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Categories:Pensions,Politics

Political pressure grows on pension charges

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A Parliamentary motion calling on the Government to take urgent action to drive down pension fees has been signed by 48 MPs.

The Early Day Motion, tabled last week, says the MPs are concerned that charges are not understood by consumers and could be costing them up to £67.2bn a year. It says most of that amount goes toward the wages and bonuses of traders and fund managers.

It says: “This House believes that without reform pension funds management business opportunities for the UK financial services industry could be lost; and calls on the Government to take urgent action to drive pension charges down and help the next generation of pensioners and the communities they live in to have a safer, more secure future.”

The EDM says it believes costs are continuing to rise, even though they are already higher than those charges to invest in French, German and American funds.

Yesterday, Labour leader Ed Miliband aligned himself with pensions minister Steve Webb in calling for a reduction in pension charges and threatened to push for them to be capped if this does not happen. Labour MPs make up for 42 of the 48 MPs signed up to the motion.

The National Association of Pension Funds is currently running a review of pension charges to look at ways of making them more transparent.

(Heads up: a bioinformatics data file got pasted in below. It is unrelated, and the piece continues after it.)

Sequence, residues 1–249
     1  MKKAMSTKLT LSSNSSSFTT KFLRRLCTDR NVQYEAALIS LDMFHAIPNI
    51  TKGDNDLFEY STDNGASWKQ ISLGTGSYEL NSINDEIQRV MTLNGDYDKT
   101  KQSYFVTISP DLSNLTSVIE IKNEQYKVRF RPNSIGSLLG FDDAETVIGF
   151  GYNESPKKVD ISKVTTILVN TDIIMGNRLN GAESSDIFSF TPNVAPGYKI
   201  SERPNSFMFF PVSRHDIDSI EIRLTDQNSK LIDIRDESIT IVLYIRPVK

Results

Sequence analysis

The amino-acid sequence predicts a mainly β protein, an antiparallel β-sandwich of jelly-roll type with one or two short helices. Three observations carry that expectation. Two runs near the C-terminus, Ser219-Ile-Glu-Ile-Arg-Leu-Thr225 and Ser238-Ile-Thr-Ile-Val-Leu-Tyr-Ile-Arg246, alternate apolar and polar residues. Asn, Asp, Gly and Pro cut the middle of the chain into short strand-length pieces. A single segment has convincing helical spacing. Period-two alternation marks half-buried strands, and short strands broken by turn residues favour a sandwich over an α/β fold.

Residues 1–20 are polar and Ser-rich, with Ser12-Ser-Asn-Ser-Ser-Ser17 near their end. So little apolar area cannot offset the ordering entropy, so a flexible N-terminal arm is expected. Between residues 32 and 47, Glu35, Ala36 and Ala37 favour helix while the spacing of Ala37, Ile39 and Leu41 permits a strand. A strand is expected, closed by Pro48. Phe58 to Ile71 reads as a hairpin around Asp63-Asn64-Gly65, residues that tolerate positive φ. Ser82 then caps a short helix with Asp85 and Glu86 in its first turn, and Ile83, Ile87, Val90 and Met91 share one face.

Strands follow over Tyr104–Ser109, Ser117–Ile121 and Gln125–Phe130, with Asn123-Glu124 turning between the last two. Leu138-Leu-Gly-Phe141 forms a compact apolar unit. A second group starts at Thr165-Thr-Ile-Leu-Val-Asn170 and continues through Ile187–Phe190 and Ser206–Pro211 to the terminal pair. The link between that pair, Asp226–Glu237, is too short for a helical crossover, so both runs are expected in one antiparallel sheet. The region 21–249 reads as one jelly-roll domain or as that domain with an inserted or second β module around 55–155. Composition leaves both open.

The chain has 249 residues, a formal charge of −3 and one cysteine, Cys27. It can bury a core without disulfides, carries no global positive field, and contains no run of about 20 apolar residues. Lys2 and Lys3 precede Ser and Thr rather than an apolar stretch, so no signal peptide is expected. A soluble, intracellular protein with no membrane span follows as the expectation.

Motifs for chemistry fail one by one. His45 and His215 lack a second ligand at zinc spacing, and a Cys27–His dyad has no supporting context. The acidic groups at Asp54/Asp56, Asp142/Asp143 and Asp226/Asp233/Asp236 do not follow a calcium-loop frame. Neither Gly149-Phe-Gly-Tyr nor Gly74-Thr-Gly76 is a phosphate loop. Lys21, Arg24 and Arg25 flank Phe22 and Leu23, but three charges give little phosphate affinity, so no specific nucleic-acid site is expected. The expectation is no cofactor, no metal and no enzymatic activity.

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Readers' comments (16)

  • i propose that the industry devise a basic 100 question multiple choice questionnaire for politicians. If they cannot answer these then they are not allowed to vote. the rhetoric without knowledge and experience has created the mess we are in

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  • Charges on financial products such as pensions, savings and protection have reduced massively over the last decade. Bank charges are still too high and bank's tend to levy much higher front-end charges than most IFAs but, in general, the politicians are debating an issue that no longer exists.

    If they want to know why its virtually impossible to reduce charges still further (making comparisons with other countries) then the politicians should ask questions about the weight and cost of regulation (which has increased 10-fold over as many years) and, at the same time, do a proper cost-benefit analysis (based upon historical facts) to determine whether UK Financial Services and Joe Public really need a bigger version of the FSA going forward.

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  • Never mind charges Mr Milliband, what about the £6 billion per year discreetly robbed from funds by Gordon Brown and your party. Restore the Advanced Corporation Tax Dividend reclaim, reduce regulatory costs,associated quangos and there'd be a lot more left in the funds. Why should Fund managers and traders not be paid when MP's are remunerated by taxpayers but that's O.K.

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  • The providers have to make a living
    We have to make a living
    What do they think we are, so sort of multifaceted charity?
    And all of that within the most terrible regulatory regime, akin to the gesstaaapo in it's outlook.

    It's a bit rich for those theiving politians to lecture us on charging. Maybe they should target the FSA.
    Ooops I forgot, there's nothing you effete bunch of wasters can do about the FSA is there?. Better pick on the lower hanging fruit.